Admission to ICU and the provision of MV may be the correct place to manage the physiological complications in critically ill patients. Admission to ICU and MV are not without harm and may result in prolonged medical complications and difficult discussions around (dis)continuation of management [8]. Research has shown that the presence of comorbidities and age correlates closely with worsening outcomes if MV is provided [71]. Haq et al. [71] in a retrospective study of people of >90 years of age admitted post-surgery to ICU, found the overall mortality was 15.7% (14/89). Vosylius et al. performed a prospective observational study in Lithuania, (477 patients > 75 years (75–84, 85+)) and noted that mortality doubled for those >75 years compared to <65 years (39% vs. 19% p < 0.001) [72]. In a retrospective analysis increasing age, particularly in the presence of cerebrovascular and cardiac disease [52,53], was associated with increased mortality and length of MV. MV for 7–10 days, only 5% of those ≥85 years survived to be discharged home [54]. Frengley et al. (2014) reported that increasing age was associated with a decreased ability to be weaned off the ventilator, but most of this was associated with increasing comorbidity rather than age alone [55]. The decision to offer MV to people of extreme age must only be undertaken after careful assessment as the benefit is small and the potential for harm is always present [36]. Mortality in ICU is often secondary to organ failure and sepsis [73]. The presence of sepsis was associated with a doubling of mortality in those >80 years compared to <50 years [22]. Increasing frailty and comorbidity burden/organ dysfunction results in a higher rate of MV withdrawal, and mortality [17,21]. Age alone is not a good predictor of outcome for anyone being admitted to ICU, the presence of frailty, poor performance status, or multiple comorbidities are [17]. Pietillainen et al., looking at ICU data in Finland, noted that mortality for those of 80 years of age or more was 21.3% in the ICU and 36.2% at 30 days. Mortality was greater in those with a poor premorbid functional status [23].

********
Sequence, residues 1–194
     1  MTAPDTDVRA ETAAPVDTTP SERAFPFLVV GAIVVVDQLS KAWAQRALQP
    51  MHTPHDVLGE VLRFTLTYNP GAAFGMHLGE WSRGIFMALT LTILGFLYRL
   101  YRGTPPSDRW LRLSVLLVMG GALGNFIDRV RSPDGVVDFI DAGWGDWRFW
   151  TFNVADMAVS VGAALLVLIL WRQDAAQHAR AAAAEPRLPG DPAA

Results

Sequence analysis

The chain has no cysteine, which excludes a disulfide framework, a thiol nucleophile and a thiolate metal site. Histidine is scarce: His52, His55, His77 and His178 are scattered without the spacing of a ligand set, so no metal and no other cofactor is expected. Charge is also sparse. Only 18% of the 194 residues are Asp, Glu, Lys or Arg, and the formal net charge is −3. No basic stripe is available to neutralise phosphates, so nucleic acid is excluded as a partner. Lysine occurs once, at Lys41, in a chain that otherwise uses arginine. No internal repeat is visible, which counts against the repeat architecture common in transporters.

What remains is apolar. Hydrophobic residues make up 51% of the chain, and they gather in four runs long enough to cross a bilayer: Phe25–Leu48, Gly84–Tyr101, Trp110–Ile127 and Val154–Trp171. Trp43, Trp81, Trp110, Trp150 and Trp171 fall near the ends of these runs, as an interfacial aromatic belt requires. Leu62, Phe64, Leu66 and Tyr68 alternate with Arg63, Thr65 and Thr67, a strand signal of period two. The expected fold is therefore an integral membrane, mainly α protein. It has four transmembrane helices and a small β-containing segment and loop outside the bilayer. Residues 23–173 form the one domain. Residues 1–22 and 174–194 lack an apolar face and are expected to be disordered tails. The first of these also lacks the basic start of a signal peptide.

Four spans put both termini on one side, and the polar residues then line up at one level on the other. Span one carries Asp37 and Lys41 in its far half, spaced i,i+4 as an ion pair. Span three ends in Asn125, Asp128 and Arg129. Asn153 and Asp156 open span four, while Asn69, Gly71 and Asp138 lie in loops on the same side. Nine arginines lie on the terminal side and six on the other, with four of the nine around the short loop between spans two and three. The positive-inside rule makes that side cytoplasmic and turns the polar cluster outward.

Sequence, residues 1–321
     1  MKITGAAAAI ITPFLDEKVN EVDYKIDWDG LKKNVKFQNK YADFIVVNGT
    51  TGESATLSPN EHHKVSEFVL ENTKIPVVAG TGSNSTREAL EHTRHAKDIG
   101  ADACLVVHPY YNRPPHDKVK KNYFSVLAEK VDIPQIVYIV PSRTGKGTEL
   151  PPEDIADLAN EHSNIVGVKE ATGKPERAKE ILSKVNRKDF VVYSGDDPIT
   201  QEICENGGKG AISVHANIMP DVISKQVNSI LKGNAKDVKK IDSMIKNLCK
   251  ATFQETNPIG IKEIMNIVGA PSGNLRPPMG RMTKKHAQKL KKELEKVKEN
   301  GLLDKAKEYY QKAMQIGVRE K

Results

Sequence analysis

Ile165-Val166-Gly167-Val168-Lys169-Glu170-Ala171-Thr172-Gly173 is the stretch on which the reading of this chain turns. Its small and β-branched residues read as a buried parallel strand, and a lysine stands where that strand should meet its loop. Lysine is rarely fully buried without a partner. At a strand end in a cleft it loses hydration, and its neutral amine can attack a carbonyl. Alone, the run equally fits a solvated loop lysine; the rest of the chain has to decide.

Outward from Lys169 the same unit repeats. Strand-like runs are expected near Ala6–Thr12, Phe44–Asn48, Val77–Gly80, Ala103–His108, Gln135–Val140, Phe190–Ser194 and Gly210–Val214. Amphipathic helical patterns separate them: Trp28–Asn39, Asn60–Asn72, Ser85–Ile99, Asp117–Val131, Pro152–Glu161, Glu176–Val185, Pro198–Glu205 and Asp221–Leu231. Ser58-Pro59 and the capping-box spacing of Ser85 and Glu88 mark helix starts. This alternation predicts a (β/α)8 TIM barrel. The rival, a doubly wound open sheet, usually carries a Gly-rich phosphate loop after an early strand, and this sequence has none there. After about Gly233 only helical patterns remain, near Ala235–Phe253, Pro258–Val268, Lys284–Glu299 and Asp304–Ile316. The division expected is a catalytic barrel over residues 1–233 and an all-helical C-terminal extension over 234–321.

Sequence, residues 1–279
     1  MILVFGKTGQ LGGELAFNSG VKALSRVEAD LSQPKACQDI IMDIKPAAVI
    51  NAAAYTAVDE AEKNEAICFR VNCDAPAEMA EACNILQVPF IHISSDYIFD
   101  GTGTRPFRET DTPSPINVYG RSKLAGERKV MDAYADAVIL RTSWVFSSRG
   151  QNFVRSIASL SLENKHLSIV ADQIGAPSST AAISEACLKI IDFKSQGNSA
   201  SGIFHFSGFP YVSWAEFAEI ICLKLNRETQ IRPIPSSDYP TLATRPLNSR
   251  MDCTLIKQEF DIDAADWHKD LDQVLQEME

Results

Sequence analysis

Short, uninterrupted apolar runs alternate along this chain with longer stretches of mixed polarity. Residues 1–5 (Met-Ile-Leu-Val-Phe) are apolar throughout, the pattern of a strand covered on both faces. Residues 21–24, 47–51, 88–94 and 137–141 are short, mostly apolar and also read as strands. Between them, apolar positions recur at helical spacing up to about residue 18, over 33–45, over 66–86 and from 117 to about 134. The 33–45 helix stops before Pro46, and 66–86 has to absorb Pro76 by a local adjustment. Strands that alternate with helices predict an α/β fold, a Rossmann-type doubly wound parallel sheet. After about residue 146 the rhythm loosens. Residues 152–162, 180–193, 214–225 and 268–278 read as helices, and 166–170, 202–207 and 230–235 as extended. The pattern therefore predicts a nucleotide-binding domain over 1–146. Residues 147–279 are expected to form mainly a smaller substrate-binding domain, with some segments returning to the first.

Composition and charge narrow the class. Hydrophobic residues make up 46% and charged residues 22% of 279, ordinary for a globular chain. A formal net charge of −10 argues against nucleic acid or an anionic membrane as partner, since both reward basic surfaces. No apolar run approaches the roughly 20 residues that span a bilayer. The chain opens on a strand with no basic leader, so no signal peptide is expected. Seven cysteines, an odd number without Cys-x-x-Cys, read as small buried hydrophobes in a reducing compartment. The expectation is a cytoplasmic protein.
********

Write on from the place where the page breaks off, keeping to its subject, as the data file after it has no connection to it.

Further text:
7. Ethical Concerns

Everyone is unique, and as such anyone and everyone, irrespective of age or medical illness, is entitled to be provided with the medical care that is appropriate to their needs [8,40]. What is appropriate and possible and what people expect (or demand) may be two different things and these may be poles apart. When clinical decisions are being made, it must be remembered that all people have intrinsic value, an intrinsic dignity, which is absolute and not relative to others, and as such, life should be protected and respected in accordance with the fundamental requirement of justice [24]. This holds true irrespective of the times we live in. It is as true today as much as it has been in the past and should be going forward.
When the first wave of the COVID-19 pandemic was at its peak hospital admissions, statements issued by various medical organizations were broadly aligned and stated that [38,40,41,72] equal concern and respect is the fundamental approach’. The BMA [42] states that there should be ‘equitable concern for all’, and the Royal College of Physicians [43] comment that ‘fairness is the best way to understand the ethical problem that clinicians are likely to encounter [74]. However, these do not help when demand outstrips supply, and decision-making has to be rapid, will medical staff adopt a blanket or fixed approach to the process such that older people would be denied care based on the single criterion of age alone. However as people approach a great age, cardiac, cognitive/neurological, and respiratory comorbidities are often present, all of which contribute to morbidity and prognosis from an acute (fulminating) illness.